Here is a detailed breakdown of the adverse effects of rust on your snowboard edge:
Rust can cause various problems with the board’s performance, including vibrations and unpredictable turns. This is because the rust can compromise the board’s edge and reduce its grip on the snow.
As a result, you may find your board unstable when turning, posing the risk of falling and getting injured.
Damage to the Base Material
Rust can cause irreversible damage to your board’s base material.
Notably, it may cause chipping or cracking where metal meets wood if not treated promptly. This may hurt your snowboard’s durability and cost you more in the long-term in the form of replacement or repair expenses.
Possible Damage to Other Parts of Board
The real risk with having a damaged edge isn’t just that your board may become unstable. Notably, it also increases the chance of other parts of the board, such as bindings, being damaged.
Such damage can be costly, especially if you go snowboarding without fixing them.
Loss of Edge
The rust may progress until it finally gets to where the metal edge completely wears down. This means you’ll have less grip and stability, which in turn may result in more falls or slips – this would be a disaster for any avid snowboarder.
Is It Normal for a Snowboard to Rust?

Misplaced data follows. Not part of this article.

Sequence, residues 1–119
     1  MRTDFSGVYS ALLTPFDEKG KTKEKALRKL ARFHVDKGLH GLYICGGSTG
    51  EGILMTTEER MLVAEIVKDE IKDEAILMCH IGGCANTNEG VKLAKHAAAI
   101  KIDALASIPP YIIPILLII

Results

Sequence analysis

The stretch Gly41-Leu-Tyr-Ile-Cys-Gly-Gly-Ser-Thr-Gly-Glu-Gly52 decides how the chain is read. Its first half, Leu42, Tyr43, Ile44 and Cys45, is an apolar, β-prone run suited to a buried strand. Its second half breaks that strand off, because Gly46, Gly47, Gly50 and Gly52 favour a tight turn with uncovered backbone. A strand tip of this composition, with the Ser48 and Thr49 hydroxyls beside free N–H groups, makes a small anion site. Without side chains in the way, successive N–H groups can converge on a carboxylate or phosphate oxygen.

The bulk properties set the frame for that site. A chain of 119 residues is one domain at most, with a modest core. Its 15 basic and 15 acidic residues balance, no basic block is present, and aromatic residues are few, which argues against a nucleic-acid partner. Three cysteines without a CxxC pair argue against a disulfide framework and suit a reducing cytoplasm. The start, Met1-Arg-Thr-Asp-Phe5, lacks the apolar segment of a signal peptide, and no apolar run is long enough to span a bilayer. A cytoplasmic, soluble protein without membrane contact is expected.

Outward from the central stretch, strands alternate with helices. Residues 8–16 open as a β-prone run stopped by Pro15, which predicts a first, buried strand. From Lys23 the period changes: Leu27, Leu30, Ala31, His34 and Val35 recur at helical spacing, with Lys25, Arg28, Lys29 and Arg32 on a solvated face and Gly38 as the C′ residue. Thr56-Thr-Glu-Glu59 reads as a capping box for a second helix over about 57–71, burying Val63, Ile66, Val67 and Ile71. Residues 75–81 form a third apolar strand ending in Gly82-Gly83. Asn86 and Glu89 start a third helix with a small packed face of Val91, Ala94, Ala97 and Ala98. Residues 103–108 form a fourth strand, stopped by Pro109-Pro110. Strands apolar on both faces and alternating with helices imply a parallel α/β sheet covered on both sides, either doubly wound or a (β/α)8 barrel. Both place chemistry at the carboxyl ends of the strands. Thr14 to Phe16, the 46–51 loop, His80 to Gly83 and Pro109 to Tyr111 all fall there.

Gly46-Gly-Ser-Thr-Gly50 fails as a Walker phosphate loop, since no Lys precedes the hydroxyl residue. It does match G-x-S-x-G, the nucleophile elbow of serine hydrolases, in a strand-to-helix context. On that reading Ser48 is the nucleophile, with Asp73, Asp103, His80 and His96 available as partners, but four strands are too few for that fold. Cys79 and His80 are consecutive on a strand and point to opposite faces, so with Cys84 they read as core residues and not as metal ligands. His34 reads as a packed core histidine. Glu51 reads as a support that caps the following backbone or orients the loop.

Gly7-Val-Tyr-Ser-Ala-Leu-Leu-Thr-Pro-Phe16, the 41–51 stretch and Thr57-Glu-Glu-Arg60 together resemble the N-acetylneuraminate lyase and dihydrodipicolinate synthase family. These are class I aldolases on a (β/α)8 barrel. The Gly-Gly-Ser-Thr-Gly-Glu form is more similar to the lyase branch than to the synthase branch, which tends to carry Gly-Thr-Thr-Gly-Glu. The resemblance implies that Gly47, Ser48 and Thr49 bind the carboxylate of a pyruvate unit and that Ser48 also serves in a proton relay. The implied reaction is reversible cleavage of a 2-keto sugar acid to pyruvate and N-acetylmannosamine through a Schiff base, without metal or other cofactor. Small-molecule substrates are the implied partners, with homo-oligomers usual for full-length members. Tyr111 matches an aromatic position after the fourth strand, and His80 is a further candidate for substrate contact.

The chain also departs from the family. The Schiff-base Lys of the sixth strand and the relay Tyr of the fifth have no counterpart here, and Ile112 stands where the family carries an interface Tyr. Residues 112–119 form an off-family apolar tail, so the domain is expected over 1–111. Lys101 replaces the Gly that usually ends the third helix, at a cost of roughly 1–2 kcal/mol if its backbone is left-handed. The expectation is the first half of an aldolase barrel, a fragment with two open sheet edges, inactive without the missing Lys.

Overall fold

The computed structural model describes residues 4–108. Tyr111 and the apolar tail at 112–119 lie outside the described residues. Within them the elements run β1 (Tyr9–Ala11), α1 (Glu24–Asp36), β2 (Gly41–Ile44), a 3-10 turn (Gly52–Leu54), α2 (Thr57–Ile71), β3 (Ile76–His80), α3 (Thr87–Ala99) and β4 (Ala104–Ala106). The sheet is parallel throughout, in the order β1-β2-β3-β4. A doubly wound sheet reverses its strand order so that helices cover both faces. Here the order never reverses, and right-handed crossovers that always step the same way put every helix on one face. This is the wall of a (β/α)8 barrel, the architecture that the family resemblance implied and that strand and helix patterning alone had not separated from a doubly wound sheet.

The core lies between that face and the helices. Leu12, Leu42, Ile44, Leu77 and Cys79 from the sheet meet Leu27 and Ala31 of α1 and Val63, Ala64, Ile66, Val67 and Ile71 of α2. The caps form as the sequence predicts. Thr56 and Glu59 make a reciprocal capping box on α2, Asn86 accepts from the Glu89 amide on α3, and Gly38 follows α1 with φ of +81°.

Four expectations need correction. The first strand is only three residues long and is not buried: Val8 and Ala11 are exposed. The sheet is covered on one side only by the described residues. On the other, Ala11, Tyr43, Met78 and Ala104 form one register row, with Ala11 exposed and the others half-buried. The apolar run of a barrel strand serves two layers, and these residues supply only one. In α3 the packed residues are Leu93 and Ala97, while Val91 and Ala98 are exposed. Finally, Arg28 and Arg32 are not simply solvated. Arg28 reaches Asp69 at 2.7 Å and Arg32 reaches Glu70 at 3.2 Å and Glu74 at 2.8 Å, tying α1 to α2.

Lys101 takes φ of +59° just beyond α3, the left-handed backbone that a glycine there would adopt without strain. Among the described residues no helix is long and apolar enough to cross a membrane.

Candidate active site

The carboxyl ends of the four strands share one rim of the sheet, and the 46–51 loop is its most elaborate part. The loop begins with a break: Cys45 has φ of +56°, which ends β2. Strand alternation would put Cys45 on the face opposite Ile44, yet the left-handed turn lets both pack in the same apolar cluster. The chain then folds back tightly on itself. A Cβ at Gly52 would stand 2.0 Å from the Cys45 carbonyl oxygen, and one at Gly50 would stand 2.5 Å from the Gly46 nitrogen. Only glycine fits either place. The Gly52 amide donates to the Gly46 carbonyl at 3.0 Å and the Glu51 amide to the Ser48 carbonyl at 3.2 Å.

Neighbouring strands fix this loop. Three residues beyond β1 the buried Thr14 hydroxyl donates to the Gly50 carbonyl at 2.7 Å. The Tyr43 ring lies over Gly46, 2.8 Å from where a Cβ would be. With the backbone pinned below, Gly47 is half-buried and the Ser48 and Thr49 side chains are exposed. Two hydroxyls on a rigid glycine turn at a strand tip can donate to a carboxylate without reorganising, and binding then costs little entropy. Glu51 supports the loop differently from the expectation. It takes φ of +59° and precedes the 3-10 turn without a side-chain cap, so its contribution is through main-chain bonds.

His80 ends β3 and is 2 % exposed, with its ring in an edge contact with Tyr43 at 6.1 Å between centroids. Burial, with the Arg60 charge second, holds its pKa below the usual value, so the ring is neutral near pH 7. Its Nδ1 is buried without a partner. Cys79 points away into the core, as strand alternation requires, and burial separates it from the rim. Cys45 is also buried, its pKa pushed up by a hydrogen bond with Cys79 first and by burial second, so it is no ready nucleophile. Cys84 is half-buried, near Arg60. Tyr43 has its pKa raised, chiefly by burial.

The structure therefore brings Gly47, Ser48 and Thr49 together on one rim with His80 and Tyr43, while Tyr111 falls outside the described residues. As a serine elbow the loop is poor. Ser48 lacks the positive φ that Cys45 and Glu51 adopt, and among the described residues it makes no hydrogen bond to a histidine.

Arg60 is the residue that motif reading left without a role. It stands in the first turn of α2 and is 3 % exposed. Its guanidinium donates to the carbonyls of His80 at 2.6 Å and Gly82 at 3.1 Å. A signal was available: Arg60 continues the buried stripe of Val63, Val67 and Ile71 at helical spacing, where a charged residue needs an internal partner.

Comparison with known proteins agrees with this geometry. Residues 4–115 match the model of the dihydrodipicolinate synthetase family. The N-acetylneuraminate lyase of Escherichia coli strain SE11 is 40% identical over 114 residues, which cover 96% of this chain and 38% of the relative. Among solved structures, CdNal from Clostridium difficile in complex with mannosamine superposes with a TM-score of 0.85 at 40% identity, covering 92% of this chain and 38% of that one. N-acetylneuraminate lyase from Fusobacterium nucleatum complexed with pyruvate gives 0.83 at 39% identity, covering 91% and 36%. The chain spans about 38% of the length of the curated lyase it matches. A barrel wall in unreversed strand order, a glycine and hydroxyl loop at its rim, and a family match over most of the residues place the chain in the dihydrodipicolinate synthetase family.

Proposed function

It’s normal for a snowboard to rust, despite manufacturers’ preventive measures. Therefore, it’s best to always clean the rust as soon as you spot it to prevent it from spreading to other parts and damaging the board.
How Much Rust Until a Snowboard Is Deemed Useless?
A snowboard is deemed useless after rust has corroded its edge so much that it peels away from the wood. At this point, the snowboard is not safe to use and should be immediately retired from the slopes.
On average, a snowboard can last up to 250 days before the finish starts to peel off. If it lasts longer, you may notice its ride quality deteriorating.
However, some quality boards can last up to eight years if they’re not allowed to get wet, rusty, scratched, or have their paint surfaces broken. A lower quality board may only last three or four seasons before becoming unrideable due to damage from use against natural elements like rocks and trees while riding off-trail.
After following all of these steps, your snowboard should be ready to hit the slopes once again.
But don’t forget that you want to make sure it stays rust-free for many seasons by storing it in a dry place and waxing often. You can also avoid salt stains on your board with the help of an anti-rust spray.
However, if you notice that some delicate parts like bolts are severely damaged, it’s best to get your board serviced or buy a new one. If the latter applies, check for boards made of anti-rust materials like aluminum.
- Science Direct: Microfiber
- Snowboarding forum: Board Rust & Maintenance
- The University of Illinois at Urbana-Champaign: Q & A: Rate of Rust Formation
- Research Gate: Corrosion Resistance Through the Application of Anti- Corrosion Coatings
- Ohio University: Low Temperature and High Salt Concentration Effects on General CO2 Corrosion for Carbon Steel
- ACS Publications: The Corrosion Resistance of Aluminum and Its Alloys
- Snowboarding forum: How Do You Remove Rust?
- Snowboarding forum: How Long Do Snowboards Last?
- Snowboarding forum: How Much Rust Until Snowboard Is Deemed Useless